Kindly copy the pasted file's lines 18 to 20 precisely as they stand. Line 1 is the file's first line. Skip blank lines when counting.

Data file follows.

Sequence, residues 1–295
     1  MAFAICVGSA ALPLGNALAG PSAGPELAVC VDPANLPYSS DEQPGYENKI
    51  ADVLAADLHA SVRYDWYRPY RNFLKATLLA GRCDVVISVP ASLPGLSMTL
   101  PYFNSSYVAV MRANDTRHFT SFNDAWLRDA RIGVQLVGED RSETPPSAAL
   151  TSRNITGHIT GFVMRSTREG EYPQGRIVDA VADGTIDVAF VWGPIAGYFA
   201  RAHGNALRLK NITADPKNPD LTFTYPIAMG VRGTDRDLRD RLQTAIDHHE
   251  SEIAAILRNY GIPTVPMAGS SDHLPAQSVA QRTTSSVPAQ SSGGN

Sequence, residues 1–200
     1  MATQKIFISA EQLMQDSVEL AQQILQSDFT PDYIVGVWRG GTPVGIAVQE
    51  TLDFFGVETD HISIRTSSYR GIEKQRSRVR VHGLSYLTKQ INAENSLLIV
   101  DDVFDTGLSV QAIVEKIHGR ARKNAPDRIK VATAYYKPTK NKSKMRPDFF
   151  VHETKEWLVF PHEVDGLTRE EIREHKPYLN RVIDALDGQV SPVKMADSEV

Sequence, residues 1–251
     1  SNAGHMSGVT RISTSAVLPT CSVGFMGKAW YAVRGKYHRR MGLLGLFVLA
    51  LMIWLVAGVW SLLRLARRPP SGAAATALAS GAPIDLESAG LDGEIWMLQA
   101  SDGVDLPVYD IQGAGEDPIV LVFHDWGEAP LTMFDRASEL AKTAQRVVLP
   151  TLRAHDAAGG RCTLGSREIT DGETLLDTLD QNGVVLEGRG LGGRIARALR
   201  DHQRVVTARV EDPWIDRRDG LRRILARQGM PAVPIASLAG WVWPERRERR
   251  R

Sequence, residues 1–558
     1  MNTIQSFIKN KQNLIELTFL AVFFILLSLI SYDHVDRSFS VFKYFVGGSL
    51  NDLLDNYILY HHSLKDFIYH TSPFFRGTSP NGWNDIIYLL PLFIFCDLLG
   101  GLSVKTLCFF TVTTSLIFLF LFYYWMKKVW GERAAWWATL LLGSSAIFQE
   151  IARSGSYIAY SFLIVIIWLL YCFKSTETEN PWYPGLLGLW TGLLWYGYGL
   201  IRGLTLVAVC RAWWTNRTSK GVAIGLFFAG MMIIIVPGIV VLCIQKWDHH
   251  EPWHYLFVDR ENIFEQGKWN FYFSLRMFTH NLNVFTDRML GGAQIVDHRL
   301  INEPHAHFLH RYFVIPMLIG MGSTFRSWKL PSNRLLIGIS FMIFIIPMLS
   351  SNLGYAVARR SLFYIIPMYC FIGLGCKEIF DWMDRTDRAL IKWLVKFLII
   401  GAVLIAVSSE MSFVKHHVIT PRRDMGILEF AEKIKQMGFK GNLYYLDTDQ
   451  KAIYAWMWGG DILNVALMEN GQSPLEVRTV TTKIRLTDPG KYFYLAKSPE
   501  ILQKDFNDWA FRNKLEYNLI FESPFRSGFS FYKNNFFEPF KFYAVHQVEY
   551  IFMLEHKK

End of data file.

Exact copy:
   201  DHQRVVTARV EDPWIDRRDG LRRILARQGM PAVPIASLAG WVWPERRERR
   251  R

Sequence, residues 1–558